How FA Cup final underdogs can bite back - a sports psychologist reveals all

Press/Media: Expert Comment

Description

Article featured in The Telegraph, 20/05/16.

Subject

The body can go into “fight-or-flight” mode, which happens when an area of the brain called the amygdala – which houses fear – fires a signal to freeze what we’re doing and wants us to get out of there fast. If individual players can master their anxiety, their team can perform better on the day.  

Period20 May 2016

Media contributions

1

Media contributions

  • TitleHow FA Cup final underdogs can bite back - a sports psychologist reveals all
    Degree of recognitionNational
    Media name/outletThe Telegraph
    Media typeWeb
    CountryUnited Kingdom
    Date20/05/16
    DescriptionIndividual players’ coping response to an FA Cup final will vary dramatically. There is always a risk that some players may have too much adrenaline, and emotions may run too high, thus impacting their focus.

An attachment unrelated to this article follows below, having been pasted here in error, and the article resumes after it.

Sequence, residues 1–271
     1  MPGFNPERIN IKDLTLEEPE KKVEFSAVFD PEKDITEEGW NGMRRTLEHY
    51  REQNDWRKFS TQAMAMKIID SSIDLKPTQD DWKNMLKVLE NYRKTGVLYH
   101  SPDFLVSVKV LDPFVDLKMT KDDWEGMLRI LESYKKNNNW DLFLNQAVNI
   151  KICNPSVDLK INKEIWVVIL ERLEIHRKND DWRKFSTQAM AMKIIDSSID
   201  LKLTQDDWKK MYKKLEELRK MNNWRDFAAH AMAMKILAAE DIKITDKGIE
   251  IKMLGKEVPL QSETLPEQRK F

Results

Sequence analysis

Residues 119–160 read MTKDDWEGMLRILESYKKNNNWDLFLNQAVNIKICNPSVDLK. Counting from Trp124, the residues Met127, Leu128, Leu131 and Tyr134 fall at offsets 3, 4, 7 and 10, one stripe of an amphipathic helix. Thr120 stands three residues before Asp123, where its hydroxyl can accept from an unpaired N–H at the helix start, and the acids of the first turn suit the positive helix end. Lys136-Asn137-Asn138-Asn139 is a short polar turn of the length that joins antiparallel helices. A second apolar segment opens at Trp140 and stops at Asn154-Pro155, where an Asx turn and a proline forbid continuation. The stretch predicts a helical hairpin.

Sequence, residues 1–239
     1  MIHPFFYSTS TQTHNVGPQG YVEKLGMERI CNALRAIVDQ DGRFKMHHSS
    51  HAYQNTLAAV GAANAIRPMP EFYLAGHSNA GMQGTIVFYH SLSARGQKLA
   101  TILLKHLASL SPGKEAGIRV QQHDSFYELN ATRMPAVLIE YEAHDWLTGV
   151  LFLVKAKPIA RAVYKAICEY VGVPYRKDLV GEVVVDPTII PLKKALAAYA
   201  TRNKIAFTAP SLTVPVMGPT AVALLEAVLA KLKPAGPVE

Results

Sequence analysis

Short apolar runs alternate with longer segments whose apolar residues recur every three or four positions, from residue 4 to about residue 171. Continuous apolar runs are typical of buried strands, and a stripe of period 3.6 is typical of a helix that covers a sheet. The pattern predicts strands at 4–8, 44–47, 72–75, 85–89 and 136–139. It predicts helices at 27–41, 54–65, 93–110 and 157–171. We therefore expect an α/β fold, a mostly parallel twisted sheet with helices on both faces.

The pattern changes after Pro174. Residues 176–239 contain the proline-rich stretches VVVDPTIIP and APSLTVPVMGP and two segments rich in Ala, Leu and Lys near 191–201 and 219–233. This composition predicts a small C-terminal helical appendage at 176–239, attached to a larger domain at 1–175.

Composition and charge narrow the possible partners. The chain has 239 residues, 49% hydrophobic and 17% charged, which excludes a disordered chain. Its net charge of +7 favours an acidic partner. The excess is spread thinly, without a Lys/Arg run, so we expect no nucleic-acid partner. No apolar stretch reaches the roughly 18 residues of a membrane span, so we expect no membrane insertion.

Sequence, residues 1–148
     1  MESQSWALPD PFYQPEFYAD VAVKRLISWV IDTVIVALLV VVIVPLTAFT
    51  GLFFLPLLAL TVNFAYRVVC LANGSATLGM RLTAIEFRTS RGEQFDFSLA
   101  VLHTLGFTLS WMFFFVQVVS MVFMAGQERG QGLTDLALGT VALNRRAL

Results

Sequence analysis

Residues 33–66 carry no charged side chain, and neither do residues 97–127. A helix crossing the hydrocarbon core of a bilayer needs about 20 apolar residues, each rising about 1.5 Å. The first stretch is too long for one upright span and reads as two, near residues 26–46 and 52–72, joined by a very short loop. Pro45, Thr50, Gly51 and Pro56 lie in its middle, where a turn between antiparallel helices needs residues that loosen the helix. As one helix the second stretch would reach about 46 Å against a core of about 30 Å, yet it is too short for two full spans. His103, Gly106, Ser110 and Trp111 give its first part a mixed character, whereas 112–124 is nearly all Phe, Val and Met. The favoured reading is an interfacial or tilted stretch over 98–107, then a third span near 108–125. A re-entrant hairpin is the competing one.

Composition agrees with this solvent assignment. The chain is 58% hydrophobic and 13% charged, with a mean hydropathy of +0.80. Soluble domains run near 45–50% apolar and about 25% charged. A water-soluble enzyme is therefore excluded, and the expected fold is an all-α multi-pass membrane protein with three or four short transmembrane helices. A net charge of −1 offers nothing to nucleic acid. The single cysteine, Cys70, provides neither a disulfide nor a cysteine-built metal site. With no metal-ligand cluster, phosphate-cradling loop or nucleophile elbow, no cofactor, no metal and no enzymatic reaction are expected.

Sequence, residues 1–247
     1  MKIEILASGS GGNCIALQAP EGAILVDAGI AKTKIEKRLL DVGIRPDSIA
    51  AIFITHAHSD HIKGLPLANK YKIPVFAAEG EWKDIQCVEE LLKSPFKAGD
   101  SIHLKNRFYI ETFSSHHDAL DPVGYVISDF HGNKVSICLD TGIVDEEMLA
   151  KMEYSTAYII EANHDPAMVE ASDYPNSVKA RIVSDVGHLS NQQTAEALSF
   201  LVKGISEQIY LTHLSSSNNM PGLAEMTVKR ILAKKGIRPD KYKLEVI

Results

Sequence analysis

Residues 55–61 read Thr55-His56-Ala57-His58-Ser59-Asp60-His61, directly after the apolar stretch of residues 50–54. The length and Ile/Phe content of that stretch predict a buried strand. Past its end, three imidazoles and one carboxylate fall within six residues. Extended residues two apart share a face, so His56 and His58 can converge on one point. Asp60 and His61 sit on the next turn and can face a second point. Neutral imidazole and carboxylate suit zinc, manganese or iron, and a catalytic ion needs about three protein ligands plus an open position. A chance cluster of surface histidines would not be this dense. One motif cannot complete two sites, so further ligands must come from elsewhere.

Often with a big event, a player’s focus can be too broad and be more weighted toward outcomes, such as wanting to play well, winning, or scoring. Having discussed good and poor performances with many footballers, they frequently link good performances to when they focus more naturally on processes rather than outcomes.
    URLhttps://www.telegraph.co.uk/football/2016/05/20/how-fa-cup-final-underdogs-can-bite-back/
    PersonsLouise Ellis